The Real Reason Your Last Project FailedMark NicholsLast Updated: October 1, 2015
“If we weren’t making a film right now, would I quit? Yeah.”
—Tim Jenison in Tim’s Vermeer
That’s the reply that Tim Jenison halfheartedly musters — looking exhausted as all hell, depressed, and pale — when the filmmakers of the documentary Tim’s Vermeer ask him if he wants to quit the project that has consumed the last few years of his life.
At that point, he’d spent months attempting to create a stroke-for-stroke replica of a Johannes Vermeer painting, with the hopes of proving his hypothesis about how Vermeer managed to ‘paint with light’ — a mystery that has beguiled art historians for hundreds of years.
Well, it turns out that despite the almost unfathomably ambitious and meaningful nature of his work, he claims he’s only finishing the painting because they’re making a film about it. Using that as a catalyst, he plows through his doubts, boredom, and fidgetiness to finish the project.
Hearing that, I couldn’t help but wish I had a film crew and a multi-million dollar budget to not-so-gently push me and my co-workers forward on our projects — to ask us about our feelings.
But that’s really hard, and it turns out that filmmakers just aren’t that interested in a difficult marketing site redesign, or my Josh Donaldson fan fiction.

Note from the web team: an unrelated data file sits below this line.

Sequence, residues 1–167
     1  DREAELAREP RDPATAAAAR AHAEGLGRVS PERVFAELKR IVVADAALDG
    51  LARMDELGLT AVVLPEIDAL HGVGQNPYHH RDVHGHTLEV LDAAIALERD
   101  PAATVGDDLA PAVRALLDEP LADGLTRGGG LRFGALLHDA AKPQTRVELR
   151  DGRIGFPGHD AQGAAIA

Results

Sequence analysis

Into the abyss
It did get me thinking, though, about my own experience with projects that have gone into the abyss. What makes this happen time and time again, and how can I reverse the trend? What am I missing?
First off, let’s talk about how your team might get to the point where they’re staring into that abyss and ready to give up.
IAG, a business analysis firm, produced a study about what contributes to the success of a project — and found that 68% of the surveyed companies are unlikely to have successful projects. At all.
The tactics suggested to reverse this trend — things like setting budgets realistically, setting hittable timelines, and establishing proper requirements — are all things you’ve heard before and know that you need to be doing. These are the “Yeah, yeah, I know” solutions, and I doubt you’re surprised to read them.
And yet, our projects continue going over budget, and our schedules keep flying out the window. In fact, this Harvard Business Review study analyzed 1,471 projects and found that those projects went over budget by an average of 27%.